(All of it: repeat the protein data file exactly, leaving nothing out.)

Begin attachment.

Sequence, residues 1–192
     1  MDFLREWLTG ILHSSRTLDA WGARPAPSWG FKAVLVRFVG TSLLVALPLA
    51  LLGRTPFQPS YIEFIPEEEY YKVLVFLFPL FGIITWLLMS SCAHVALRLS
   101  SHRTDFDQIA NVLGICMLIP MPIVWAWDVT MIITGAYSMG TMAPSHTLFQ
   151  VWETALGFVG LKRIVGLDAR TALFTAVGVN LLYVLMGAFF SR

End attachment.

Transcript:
Sequence, residues 1–192
     1  MDFLREWLTG ILHSSRTLDA WGARPAPSWG FKAVLVRFVG TSLLVALPLA
    51  LLGRTPFQPS YIEFIPEEEY YKVLVFLFPL FGIITWLLMS SCAHVALRLS
   101  SHRTDFDQIA NVLGICMLIP MPIVWAWDVT MIITGAYSMG TMAPSHTLFQ
   151  VWETALGFVG LKRIVGLDAR TALFTAVGVN LLYVLMGAFF SR